Sony Pictures CEO Micheal Lynton said this during a breakfast co-hosted by the S.I. Newhouse School of Public Communications at Syracuse University and The New Yorker this past Thursday:
I’m a guy who doesn’t see anything good having come from the Internet, period. [The internet] created this notion that anyone can have whatever they want at any given time. It’s as if the stores on Madison Avenue were open 24 hours a day. They feel entitled. They say, ‘Give it to me now,’ and if you don’t give it to them for free, they’ll steal it.”
Read More for my take on why he and Sony are doing it wrong.
Here’s a thought: Instead of blaming people for wanting your content in a manner which suits their convenience level and price ceiling, why not try and adapt your business to to the consumer’s desire? The consumer ultimately sets their own price for product anyway, so it’s not like you have anything to lose except control.
Aha! that’s the issue: Michael Lynton is still stuck in the age of controlled media distribution where hardware manufacturers and content providers worked in concert to provide content and controlled every aspect of distribution.
The irony of the former statement is further magnified by a factor of 9000 when a little research is done on his past corporate endeavors and it’s almost a shock to find that he ran AOL International and was the CEO of AOL Europe in 2000 where he was responsible for AOL Europe as well as AOL operations in Asia and Latin America until 2004 when he moved to Sony.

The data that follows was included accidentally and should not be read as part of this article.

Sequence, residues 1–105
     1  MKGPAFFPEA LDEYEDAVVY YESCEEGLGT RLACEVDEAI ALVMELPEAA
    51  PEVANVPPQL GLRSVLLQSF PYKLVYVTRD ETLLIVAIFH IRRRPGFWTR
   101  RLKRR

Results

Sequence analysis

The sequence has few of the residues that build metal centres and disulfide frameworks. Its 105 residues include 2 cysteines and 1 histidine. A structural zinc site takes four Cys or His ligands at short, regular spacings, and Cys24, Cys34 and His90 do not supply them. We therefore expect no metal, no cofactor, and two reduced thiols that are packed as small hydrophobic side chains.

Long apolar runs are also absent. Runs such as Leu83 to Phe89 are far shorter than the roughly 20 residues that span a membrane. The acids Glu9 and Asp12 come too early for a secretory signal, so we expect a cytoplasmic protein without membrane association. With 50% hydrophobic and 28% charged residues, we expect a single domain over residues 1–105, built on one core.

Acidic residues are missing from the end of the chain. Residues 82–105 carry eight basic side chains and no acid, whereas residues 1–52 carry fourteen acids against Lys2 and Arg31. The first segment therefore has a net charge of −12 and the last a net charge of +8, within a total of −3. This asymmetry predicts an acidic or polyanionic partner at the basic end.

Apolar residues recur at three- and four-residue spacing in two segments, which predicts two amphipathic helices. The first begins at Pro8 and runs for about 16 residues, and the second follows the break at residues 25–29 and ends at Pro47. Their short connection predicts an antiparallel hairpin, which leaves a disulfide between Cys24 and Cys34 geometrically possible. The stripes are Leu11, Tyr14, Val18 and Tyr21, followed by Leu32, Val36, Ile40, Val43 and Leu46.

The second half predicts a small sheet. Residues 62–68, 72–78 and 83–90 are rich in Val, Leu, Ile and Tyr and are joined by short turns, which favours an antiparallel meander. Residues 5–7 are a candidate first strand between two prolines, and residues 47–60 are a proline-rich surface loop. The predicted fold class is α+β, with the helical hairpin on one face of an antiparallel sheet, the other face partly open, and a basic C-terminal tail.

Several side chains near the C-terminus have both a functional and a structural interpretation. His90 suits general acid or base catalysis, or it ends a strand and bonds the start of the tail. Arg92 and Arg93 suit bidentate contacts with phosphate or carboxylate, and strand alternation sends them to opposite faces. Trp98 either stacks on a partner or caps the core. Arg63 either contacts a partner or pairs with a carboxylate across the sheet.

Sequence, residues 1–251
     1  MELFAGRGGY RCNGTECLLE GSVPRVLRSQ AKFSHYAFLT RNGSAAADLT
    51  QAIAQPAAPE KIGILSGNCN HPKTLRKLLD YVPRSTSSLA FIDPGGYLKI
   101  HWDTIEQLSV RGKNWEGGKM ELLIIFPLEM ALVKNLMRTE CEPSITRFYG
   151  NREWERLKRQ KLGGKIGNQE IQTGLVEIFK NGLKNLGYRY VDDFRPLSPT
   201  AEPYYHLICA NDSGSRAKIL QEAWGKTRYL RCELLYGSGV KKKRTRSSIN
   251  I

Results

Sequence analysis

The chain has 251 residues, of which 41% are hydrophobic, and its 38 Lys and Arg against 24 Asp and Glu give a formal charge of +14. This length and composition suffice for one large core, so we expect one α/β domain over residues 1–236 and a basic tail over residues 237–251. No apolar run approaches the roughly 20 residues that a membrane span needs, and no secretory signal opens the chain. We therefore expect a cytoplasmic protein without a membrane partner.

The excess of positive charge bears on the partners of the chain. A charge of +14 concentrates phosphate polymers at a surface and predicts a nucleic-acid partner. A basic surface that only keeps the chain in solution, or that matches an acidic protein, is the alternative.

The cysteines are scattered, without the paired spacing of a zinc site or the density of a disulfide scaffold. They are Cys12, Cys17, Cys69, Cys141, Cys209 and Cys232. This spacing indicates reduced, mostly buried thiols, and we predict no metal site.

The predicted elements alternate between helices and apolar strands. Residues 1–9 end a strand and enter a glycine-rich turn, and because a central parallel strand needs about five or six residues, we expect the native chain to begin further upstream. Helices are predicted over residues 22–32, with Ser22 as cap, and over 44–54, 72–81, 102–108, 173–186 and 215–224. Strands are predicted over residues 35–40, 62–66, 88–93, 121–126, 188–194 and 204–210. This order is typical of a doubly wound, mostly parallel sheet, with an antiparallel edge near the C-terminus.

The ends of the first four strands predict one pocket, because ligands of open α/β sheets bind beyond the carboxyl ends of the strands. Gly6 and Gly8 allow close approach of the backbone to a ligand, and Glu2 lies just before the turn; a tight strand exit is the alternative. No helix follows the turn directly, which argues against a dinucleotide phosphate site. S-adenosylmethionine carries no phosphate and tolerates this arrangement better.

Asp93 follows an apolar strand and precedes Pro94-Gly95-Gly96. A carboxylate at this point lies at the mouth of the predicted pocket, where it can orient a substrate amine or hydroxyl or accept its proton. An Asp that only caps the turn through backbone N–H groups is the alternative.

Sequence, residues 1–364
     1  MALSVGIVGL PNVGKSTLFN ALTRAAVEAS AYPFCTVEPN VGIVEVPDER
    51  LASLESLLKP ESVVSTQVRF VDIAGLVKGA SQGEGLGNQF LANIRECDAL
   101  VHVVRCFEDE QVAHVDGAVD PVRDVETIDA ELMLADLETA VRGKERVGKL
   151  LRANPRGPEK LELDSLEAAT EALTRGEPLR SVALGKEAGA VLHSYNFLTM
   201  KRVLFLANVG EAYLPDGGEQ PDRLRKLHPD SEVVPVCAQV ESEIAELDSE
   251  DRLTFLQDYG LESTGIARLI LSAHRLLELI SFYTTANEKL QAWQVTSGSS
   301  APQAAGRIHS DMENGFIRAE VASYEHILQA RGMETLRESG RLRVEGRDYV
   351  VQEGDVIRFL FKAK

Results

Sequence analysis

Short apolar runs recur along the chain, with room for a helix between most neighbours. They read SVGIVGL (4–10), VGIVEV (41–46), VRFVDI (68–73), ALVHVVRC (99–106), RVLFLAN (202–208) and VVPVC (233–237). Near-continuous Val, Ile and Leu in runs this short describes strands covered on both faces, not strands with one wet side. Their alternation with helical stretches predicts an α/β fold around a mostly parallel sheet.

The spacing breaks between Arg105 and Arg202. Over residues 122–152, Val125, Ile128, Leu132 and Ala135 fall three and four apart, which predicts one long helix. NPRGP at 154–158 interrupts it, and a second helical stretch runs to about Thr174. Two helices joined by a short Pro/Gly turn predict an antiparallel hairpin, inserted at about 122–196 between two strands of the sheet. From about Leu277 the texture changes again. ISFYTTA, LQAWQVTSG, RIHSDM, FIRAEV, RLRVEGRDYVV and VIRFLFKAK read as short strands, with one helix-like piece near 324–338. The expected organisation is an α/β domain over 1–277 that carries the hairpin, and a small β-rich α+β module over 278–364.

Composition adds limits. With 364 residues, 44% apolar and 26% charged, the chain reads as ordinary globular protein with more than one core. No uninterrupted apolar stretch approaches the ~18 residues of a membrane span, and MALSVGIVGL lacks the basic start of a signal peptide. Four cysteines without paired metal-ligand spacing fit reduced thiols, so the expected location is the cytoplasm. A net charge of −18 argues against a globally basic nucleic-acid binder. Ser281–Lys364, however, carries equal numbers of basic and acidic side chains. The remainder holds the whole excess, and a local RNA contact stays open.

His attitude towards consumers also reflects the continued ignorance of media distribution companies that half-ass or bungle their way through method after method of controlling content which is evidenced by the still-lame pricing and rental scheme used on the Playstation Network in the US and other countries, the failed Connect online music store platform, the commercial failure of Betamax and the commercial failure of MiniDisc.
No one wants to deal with a company that continually frustrates its customer base, and Sony Pictures along with Sony Home seem to be experts at that, with bad discs (Blu-Ray releases with bad encryption keys), transfers (Buena Vista and first gen Sony Home Blu-Ray discs), even dropping ongoing series (Cyborg-009) and killing demand by continually remaining silent on releases such as Blood+
The above statements made by the CEO also show that Sony is still in a state of internal disarray, with no singular vision across divisions as the media divisions still practice overt control over the near stagnant hardware divisions that were once bastions of innovation.
The only real way to fix it would be to get rid of him, but that would mean actually being willing to change the attitude towards customers if any real progress is to be made by the conglomerate, which recently posted a massive operating loss of 1.25 billion dollars, its second consecutive operating loss since 1956.
Sony Pictures can easily fix these issues with content that it has by loosening the reins and using its percieved brandimage to allow itself to innovate instead of continually stumbling over failed DRM schemes and whining about the loss of control, and instead embrace things like paid/free streaming, paid downloads with no DRM that work across all services, and once again become the company that created the consumer video recorder and ushered in a new era of consumer freedom and innovation.
Or they could dump the media divisions and let R&D return to its former glory going back to hardware only instead of buying R&D in the form of outside companies, their call.